Keeping Cool on a Summer Vacation

Yesterday was Memorial Day in the United States. On this day, we remember service men and women who have given their lives for our country. We often celebrate with parades and speeches. We also remember loved ones who have passed away by visiting cemeteries and placing flowers on their graves.

Memorial Day is also a day that many people plant flowers or finish their spring yard work. Years ago, we used the day off to wax our cars.

I vaguely remember large Memorial Day picnics, but for most of my life, the picnics were small – only immediate family. I was surprised when my sister decided to invite the whole family to her home for a picnic this year.


Although I spent most of the time on her screened-in porch, many of the family members stayed inside in the air-conditioning – not really a picnicky atmosphere. It was nice to get together, but the weather was definitely uncomfortable – the high for the day was 97┬░F.

The weather reinforced my concerns about the trip I am planning for this summer. I’m going to France with my daughter and her husband in the hottest part of the season. I hope we do not experience weather there like we had here yesterday.

Trying to Keep Cool in the Fountain Outside the Louvre Museum, Paris France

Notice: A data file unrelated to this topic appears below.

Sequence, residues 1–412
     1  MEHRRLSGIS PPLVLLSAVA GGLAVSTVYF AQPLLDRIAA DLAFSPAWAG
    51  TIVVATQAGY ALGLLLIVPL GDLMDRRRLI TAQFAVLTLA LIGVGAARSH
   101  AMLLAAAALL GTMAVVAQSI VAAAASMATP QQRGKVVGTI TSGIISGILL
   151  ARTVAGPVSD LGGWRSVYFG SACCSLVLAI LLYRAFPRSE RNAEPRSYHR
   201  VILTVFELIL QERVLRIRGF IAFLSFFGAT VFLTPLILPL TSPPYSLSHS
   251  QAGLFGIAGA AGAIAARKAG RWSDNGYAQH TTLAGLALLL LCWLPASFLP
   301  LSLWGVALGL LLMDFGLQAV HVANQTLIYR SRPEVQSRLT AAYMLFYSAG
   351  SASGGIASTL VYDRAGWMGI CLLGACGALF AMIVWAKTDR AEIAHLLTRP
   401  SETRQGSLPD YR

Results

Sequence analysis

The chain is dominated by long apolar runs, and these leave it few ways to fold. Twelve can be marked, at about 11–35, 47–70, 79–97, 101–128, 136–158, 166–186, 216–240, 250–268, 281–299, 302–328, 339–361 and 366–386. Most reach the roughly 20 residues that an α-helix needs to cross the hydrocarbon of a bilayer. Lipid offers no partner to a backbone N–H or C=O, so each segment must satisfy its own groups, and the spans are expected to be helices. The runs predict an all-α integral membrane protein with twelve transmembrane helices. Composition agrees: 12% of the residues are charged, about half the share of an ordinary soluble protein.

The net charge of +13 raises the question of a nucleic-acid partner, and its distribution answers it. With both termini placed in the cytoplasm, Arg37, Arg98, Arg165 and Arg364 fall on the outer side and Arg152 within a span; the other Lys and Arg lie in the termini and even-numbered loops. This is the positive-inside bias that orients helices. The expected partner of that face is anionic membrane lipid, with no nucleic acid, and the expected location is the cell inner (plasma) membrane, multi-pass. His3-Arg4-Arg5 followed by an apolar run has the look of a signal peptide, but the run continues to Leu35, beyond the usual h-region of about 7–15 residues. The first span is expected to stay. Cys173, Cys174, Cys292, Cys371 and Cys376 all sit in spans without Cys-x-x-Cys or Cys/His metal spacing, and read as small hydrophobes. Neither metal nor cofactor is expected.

As we sat in the heat, I was reminded of the spring trip we made to Paris several years ago, when we experienced unseasonably warm temperatures. The French Open (tennis) was held that week and competitors and spectators suffered with varying degrees of heat exhaustion.

What can you do to avoid the problems that hot summer weather can bring to your vacation?

Choosing your Location

The easiest way to avoid hot weather is to choose a cool location. During our summer in the northern hemisphere, the southern hemisphere is experiencing winter. A trip to southern South America, Australia, or Africa could bring cool or cold weather. Extreme cold temperatures, snow and rain, may not be ideal either, so take care in choosing a far southern location.

The View from our Cabin at the Lake (2007)

Another option would be to go north. Northern states and Canada usually do not experience heat as extreme as southern states. Areas that are higher in elevation (mountains) are also cooler than surrounding valleys. For years, we vacationed in northern Minnesota. Although we experienced plenty of warm summer weather, I don’t think the temperature ever reached the upper 90s.